Property

Permission for Sale of Minor Property

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The Indian Majority Act, 1875 specifies the age of majority in India. The Act states that the age of the majority in India is “18 years,” and any individual living in India who is below the age of 18 years is a minor. Minors cannot enter into contracts until and unless their guardians enter into contracts on their behalf. Let us find out how one gets permission to sell a minor’s property. 

Can a Guardian Sell Property?

Section 8 of the Hindu Minority and Guardianship Act, 1956 identifies the powers of a natural guardian or legal guardian. Clause (1) states that the natural guardian has all the power to do any act necessary, or reasonable, or proper in the eyes of the law for the sole purpose of such an Act is beneficial to the minor that it shall protect the minor or minor’s estate. 

Therefore, it is clear from the above provision that a natural guardian can sell the minor’s property (the Act) for the sole purpose of benefiting the minor.

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Can a Guardian Sell Minor’s Property?

The Supreme Court in Saroj v. Sunder Singh & Ors. held that a guardian cannot sell a minor’s share in the property without the permission of the appropriate Court. Furthermore, section 8(2) of the Hindu Minority and Guardianship Act, 1956 states that minors’ immovable property cannot be mortgaged, charged, or transferred by sale, gift, exchange, or in any other mode without the previous permission of the Court.

Further, Section 8(3) states that if any natural guardian disposes of any immovable property in contravention to clause (2) of Section 8, then such a sale would be voidable at the option of the minor. However, the said minor can challenge such a sale only within the limitation period, which shall begin running against them after they attain the majority.

Further, suppose a minor, after attaining majority, wishes to set aside the sale deed as such property belonged to the minor. In that case, such a suit must be filed within the limitation period prescribed under Article 60 of the Limitation Act, i.e, 3 years after attaining majority.

Can a Minor Purchase Property?

For a minor to purchase property in India, he or she must enter into a valid contract of purchase and sale of such property. This agreement is known as an ‘Agreement of Sale’. Every agreement shall be a valid contract in India if it fulfils the criteria under Section 10 of the Indian Contract Act, 1872. Further, Section 11 highlights competent to be a valid party in any valid contract in India.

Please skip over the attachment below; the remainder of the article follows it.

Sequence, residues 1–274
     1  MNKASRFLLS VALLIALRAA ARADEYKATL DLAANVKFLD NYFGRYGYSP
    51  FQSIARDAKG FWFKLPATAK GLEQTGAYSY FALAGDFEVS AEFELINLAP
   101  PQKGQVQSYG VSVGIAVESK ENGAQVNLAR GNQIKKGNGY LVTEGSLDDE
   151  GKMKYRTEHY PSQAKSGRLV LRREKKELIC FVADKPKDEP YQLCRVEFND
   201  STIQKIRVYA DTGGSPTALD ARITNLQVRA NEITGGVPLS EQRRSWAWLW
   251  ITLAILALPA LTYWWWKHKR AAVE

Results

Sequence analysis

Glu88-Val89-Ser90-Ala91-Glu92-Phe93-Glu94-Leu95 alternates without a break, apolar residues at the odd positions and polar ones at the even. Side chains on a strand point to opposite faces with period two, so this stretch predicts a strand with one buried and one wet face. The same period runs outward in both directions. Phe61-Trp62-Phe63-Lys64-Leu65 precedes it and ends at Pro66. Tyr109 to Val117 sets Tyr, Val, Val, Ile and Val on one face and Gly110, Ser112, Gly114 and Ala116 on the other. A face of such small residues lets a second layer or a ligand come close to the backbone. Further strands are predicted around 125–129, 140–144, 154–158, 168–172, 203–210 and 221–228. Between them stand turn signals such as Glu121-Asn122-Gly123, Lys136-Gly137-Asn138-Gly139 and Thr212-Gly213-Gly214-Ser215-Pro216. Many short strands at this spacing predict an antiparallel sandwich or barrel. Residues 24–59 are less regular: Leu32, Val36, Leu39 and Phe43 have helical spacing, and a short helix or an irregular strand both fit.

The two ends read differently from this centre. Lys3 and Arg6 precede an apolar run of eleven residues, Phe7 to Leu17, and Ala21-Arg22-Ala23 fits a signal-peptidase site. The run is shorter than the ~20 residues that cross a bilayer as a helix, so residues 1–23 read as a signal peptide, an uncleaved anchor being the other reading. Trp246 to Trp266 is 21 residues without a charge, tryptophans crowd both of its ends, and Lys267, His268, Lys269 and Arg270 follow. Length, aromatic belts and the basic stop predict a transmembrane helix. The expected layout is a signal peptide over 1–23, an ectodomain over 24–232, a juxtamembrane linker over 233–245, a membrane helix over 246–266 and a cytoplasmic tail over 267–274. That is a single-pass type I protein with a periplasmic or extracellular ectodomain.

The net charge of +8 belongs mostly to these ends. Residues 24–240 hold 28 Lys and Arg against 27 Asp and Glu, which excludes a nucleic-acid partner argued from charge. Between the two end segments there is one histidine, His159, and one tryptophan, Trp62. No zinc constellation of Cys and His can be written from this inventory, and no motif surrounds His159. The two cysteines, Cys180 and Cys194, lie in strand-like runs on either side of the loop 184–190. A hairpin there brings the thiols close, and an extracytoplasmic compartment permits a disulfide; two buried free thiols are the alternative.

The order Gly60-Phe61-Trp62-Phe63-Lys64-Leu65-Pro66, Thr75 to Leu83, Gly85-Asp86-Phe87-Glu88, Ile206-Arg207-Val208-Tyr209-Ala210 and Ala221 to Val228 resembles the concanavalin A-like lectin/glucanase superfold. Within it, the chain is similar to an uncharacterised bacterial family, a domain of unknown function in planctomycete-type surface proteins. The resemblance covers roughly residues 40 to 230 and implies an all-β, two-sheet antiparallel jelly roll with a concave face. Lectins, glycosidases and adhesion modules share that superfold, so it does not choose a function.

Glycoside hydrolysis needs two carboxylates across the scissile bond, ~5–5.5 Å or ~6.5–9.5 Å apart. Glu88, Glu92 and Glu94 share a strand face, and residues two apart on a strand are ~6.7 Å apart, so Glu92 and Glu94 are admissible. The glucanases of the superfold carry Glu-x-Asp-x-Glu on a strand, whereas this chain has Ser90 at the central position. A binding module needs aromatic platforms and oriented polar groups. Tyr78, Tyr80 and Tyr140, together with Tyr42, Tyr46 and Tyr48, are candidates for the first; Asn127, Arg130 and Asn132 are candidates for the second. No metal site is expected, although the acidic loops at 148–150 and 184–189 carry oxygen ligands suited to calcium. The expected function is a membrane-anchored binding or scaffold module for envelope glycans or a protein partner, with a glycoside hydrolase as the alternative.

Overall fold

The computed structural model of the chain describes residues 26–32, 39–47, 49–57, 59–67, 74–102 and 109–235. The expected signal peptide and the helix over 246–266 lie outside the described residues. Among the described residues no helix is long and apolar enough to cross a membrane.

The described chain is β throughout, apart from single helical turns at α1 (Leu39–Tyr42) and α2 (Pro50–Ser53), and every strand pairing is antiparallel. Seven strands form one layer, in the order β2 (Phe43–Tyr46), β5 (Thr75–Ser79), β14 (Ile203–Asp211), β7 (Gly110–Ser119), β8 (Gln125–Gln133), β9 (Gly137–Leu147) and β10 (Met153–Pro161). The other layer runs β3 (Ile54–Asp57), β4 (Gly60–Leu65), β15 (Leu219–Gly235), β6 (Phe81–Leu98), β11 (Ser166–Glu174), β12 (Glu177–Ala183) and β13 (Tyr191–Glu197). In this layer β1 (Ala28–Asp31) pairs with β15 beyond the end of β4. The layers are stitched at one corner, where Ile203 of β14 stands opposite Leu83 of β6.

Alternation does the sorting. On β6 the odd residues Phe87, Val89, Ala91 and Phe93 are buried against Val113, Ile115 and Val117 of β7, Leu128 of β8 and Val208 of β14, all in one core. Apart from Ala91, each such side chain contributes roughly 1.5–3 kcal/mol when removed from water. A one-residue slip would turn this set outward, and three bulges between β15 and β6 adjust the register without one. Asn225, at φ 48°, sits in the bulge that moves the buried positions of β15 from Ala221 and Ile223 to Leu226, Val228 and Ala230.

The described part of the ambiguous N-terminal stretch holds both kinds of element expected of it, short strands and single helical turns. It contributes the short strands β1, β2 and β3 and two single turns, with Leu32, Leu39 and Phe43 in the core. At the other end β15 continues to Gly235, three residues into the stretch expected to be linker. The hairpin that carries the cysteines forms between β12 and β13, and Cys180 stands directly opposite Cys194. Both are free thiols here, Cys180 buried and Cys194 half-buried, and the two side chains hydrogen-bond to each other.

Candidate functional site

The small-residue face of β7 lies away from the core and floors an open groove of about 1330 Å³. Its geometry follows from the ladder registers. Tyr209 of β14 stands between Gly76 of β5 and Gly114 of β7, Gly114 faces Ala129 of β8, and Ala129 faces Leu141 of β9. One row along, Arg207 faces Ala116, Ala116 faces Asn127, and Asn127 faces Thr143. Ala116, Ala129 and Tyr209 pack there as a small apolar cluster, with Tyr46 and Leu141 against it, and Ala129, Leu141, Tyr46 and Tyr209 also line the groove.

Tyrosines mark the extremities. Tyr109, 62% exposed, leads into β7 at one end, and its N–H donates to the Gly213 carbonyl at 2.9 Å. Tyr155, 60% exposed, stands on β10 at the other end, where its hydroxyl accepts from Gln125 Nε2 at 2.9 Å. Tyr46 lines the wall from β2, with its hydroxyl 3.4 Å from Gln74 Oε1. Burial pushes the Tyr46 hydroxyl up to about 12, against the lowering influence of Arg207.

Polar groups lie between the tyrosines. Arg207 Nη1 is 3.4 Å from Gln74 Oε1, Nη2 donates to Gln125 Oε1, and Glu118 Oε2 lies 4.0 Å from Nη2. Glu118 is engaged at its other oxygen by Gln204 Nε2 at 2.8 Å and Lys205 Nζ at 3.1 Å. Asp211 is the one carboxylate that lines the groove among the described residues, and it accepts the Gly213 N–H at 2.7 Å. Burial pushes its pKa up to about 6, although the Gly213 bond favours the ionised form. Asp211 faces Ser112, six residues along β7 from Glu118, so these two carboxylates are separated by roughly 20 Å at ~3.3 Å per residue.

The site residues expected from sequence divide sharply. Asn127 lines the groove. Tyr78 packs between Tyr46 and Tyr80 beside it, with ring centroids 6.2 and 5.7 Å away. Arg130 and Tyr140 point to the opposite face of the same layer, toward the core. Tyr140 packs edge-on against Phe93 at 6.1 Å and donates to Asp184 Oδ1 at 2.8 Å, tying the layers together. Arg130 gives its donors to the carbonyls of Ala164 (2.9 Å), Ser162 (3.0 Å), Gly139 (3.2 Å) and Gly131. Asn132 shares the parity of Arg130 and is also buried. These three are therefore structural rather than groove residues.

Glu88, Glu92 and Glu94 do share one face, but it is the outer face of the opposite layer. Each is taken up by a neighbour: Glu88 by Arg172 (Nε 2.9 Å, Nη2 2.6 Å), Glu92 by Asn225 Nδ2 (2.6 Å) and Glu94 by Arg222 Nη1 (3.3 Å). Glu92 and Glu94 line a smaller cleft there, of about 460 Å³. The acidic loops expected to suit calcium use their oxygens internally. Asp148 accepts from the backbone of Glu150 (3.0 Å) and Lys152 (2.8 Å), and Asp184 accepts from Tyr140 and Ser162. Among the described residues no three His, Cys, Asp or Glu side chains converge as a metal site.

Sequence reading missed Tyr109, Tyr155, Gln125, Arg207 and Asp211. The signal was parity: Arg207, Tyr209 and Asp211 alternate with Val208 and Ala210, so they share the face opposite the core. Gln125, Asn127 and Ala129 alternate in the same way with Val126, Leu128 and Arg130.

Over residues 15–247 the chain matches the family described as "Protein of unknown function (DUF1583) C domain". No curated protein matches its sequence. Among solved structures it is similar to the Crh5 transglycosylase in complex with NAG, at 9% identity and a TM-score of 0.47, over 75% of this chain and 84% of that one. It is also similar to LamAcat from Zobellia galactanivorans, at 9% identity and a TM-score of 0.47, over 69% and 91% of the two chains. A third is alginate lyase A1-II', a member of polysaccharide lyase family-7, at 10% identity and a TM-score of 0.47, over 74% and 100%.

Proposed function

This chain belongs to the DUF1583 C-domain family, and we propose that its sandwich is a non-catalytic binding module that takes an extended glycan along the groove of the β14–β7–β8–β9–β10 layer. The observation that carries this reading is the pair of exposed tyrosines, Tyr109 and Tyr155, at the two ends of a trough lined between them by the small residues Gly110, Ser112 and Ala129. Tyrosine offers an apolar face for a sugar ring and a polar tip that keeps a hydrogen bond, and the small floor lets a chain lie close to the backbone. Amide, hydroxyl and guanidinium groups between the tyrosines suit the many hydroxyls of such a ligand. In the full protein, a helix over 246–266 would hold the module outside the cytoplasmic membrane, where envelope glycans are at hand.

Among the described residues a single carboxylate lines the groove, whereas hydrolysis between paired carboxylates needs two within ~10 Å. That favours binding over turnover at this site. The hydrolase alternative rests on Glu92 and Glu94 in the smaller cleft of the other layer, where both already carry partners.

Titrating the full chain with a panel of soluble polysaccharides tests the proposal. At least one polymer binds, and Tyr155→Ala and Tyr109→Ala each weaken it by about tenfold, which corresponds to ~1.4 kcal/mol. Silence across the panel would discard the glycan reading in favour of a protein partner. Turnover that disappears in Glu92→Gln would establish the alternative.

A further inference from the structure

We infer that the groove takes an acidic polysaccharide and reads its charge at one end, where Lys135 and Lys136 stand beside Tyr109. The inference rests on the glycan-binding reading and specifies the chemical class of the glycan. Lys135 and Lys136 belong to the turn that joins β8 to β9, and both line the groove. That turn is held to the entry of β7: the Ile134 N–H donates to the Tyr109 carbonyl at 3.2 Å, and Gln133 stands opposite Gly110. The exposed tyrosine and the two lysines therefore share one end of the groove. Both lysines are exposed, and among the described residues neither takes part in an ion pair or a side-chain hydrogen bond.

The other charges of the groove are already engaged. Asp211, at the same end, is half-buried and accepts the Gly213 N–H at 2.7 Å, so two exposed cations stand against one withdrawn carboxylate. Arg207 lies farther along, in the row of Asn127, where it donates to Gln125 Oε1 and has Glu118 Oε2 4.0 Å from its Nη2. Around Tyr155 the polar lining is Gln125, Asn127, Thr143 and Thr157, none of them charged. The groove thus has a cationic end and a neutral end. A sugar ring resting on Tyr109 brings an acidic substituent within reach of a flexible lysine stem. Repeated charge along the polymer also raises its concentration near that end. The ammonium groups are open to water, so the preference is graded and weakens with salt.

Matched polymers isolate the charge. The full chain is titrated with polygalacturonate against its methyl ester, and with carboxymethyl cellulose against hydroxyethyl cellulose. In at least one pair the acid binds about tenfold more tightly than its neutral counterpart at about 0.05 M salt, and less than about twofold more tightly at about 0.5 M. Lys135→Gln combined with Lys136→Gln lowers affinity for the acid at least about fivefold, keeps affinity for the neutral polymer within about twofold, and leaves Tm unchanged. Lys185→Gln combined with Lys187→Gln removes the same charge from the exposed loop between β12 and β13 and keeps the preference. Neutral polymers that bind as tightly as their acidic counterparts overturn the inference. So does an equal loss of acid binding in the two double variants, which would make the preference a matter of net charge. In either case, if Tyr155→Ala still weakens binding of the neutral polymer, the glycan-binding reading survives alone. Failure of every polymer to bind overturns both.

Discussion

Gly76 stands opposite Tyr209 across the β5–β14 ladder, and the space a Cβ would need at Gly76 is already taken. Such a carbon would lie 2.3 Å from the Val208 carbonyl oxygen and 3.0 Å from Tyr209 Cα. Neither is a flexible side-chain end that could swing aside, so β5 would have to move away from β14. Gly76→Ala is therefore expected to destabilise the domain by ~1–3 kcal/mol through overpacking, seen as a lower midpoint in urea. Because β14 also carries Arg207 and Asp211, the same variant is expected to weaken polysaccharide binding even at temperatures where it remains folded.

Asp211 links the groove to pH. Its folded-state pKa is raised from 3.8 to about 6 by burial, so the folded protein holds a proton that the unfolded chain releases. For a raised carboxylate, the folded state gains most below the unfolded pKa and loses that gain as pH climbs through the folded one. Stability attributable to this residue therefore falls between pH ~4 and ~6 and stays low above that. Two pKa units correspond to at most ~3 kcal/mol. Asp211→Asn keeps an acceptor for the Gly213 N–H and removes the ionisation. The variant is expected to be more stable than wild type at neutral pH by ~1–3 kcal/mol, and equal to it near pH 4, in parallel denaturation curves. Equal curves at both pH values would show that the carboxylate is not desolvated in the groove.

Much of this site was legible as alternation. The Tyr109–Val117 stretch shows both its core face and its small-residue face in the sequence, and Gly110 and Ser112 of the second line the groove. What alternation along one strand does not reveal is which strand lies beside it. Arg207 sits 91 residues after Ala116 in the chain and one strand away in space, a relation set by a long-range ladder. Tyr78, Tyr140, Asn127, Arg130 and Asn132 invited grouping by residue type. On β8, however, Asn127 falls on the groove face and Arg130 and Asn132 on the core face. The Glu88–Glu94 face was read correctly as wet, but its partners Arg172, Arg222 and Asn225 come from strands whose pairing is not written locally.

Section 11 states that every person of the age of majority will be competent to enter into a contract if they are not barred by other conditions mentioned in the section. Therefore, a minor, i.e, anyone who is not of the age of majority (18 years), will not be competent to enter into a contract. Any agreement entered into by a minor will be void ab initio (void from the beginning) the eyes of the law. 

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The provisions under the Transfer of Property Act, 1882, especially section 6 and 7 of the Act do not bar a minor from contracting. However, from the conjoint reading of the above two Acts, it can be deduced that a minor can be a valid transferee and receive property. 

A minor can acquire property through the hands of either his/her natural guardian (mother or father) or through a guardian appointed by the appropriate Court in the absence of such natural guardian. In such a case of acquisition, the purchase of property would be valid. 

After valid purchase, the natural guardian can register the property in the name of the minor under Section 35 of the Registration Act, 1908. However, the execution of such registration shall take place before the appropriate Court’s permission after satisfaction that the property acquired was legal and valid.

A minor can acquire a property by way of gift also. Here, there is no need for the intervention of the law, Court, or guardians of the minor. The reason for the same being that in case of a gift, acceptance by the donee is the only required to make it effective.

Lastly, a minor can acquire property using inheritance, be it intestate or by way of a will. In case of ancestral property of a Joint Hindu Family, the minor (both son and daughter, since 2005) will receive an equal share in the capacity of a coparcener after the death of the last holder of the property.

Hence, a minor, though not competent to enter into a contract can sell property through his guardians. A minor can also receive property through the means listed out above.

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